Kept by D. J. Taylor. It begins with two excerpts from newspapers concerning the death of two men, the first dated 1863, and the second, 1866. The novel then retreats to a time before the deaths. The language and syntax are very Dickens with long, involved sentences and slightly archaic words. Taylor doesn't let you slip quickly into the narrative, but presents little episodes that have no immediate bearing on the story because you don't yet have enough information. The clues are there, but you can't yet recognize them; only later will you return to certain passages and nod.
In addition to the Dickensian style, there are loads of allusions to historical personages such as George Eliot, Maria Edgeworth, Elizabeth Gaskell, and George Gissing.
I loved this sentence, "The two bouncing daughters have retired to their boudoir, the elder to ponder a volume of the Reverend Rantaway's brimstone sermons, and the younger to read one of Miss Edgeworth's novels."
Maria Edgeworth wrote parodies of gothic novels that were very popular (although many did not recognize them as satire), which often contained a message on the plight of women at the time, so Taylor manages in one short sentence to illustrate the great differences between the sisters. Edgeworth was also an essayist, and I adore "An Essay on the Noble Science of Self-Justification," which makes me laugh each time I read it--such perfectly tongue-in-cheek satire!
Early on there is an excerpt from George Eliot's Journal (March 1862) in which some of the characters are mentioned. This, of course, adds to the verisimilitude of the story.
At this point, I began some research -- did the any of the characters (aside from the literary names easily recognized) actually exist? Indeed, some of the characters are based on real individuals of the same name. Dunbar, for example: there were two brothers, Lewis & William, who were largely responsible for the extermination of the Highland ospreys by stealing the eggs for naturalists of the time.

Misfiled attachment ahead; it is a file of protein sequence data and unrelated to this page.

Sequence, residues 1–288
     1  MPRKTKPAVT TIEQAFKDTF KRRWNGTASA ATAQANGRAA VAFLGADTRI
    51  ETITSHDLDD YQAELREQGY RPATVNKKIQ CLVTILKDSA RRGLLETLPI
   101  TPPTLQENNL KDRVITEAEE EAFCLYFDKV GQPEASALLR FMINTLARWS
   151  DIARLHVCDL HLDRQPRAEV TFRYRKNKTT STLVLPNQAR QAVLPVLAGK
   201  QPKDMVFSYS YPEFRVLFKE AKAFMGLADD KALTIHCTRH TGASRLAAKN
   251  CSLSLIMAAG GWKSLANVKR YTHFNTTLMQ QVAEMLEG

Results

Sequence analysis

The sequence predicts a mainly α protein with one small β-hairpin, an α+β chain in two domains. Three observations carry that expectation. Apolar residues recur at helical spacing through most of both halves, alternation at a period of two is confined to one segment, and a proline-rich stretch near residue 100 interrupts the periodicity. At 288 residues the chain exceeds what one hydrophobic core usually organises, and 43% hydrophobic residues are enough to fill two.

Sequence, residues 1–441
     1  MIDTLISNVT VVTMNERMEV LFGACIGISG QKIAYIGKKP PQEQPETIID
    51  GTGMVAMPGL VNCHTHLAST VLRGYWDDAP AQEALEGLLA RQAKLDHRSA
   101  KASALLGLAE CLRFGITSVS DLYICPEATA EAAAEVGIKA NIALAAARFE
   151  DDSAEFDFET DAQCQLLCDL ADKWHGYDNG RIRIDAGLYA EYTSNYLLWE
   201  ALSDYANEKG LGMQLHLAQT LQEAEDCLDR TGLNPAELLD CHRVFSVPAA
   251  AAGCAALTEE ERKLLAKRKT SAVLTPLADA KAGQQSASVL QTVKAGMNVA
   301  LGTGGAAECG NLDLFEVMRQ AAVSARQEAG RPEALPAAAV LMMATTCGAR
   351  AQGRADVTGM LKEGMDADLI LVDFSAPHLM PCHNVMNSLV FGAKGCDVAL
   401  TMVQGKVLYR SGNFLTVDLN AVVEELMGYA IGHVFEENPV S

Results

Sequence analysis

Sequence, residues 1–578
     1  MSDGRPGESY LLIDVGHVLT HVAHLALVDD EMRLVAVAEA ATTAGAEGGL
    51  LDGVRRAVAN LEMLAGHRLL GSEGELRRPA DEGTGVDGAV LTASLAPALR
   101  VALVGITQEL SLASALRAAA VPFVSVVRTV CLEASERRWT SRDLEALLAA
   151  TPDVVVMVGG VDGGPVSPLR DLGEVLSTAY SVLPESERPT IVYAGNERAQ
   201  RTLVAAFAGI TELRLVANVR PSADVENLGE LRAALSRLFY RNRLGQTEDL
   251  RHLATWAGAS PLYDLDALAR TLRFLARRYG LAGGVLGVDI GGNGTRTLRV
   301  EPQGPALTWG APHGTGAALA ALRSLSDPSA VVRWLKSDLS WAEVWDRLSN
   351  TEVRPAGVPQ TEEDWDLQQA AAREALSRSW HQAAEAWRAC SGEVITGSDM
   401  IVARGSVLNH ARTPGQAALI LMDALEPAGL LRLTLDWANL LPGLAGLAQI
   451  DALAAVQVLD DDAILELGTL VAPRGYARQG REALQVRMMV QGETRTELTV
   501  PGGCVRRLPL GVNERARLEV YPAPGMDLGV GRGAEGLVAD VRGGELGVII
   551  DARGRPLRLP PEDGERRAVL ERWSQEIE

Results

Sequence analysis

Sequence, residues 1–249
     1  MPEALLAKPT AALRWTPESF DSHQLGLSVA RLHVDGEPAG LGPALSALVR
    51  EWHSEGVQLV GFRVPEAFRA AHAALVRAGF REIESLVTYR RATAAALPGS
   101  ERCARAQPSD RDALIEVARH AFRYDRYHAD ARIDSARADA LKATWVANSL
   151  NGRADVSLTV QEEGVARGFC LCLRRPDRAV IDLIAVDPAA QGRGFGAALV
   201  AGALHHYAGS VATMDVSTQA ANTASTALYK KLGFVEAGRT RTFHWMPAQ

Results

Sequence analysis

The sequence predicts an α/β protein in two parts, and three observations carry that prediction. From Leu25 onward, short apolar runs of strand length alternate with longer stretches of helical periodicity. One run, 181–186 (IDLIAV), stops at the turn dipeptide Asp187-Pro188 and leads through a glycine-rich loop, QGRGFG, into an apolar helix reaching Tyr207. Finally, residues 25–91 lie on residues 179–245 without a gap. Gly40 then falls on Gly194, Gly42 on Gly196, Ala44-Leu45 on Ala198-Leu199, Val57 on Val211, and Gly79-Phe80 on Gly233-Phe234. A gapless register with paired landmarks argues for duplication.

While the main characters appear to be fiction (I could find none of them when Googling for information), many of the minor characters did exist. At some point, I noticed a footnote that referred to the Appendix and discovered easy access to a great deal of historical detail.
Here is a sentence I liked: "There was a little tuft of grey hair on the point of his chin, which, whether left there by chance or design, enhanced this singularity, and Dewar became instantly fascinated by it, watched it as its owner rose to his feet (he did this cautiously but in a manner that suggested much steadfastness of purpose) and marked it as it moved up and down in response to the opening and closing of his lips."
The story doesn't really begin to take shape until Esther appears. Esther is the housemaid to James Dixey, and her observations of the house and its inhabitants begin the first cohesive portion of the story by making connections to what has been previously unassociated. She is the first character to be developed, to have the human touch. From this point, things become much more exciting.
New characters are introduced in semi-isolation, but by now we have enough information to continue recognizing relationships and to connect what appear to be unimportant to details to what has gone before.
Echoes of Jane Eyre appear, a mad woman "in the attic," an excerpt from "Mr. Thackeray's Tour," and, finally, I'm to Isabel's portion!
Another funny quote; this one is from "Thackeray's Journal":
And so at length to Watton, a wide old marketplace with ostlers attending to their beasts at the rails and the George inn, with its fragrant beds and the liveliest parlourmaid I ever saw, and an imperious old housekeeper to whom I would only say, "Madam, my chop would have been sweeter still had the serving girl's thumbprint not stared up at me from the plate."
--W. M. Thackeray
"A LITTLE TOUR THROUGH THE COUNTIES OF EAST ANGLIA,"
Cornhill Magazine, 1862
This novel is slyly funny and fun, fun, fun!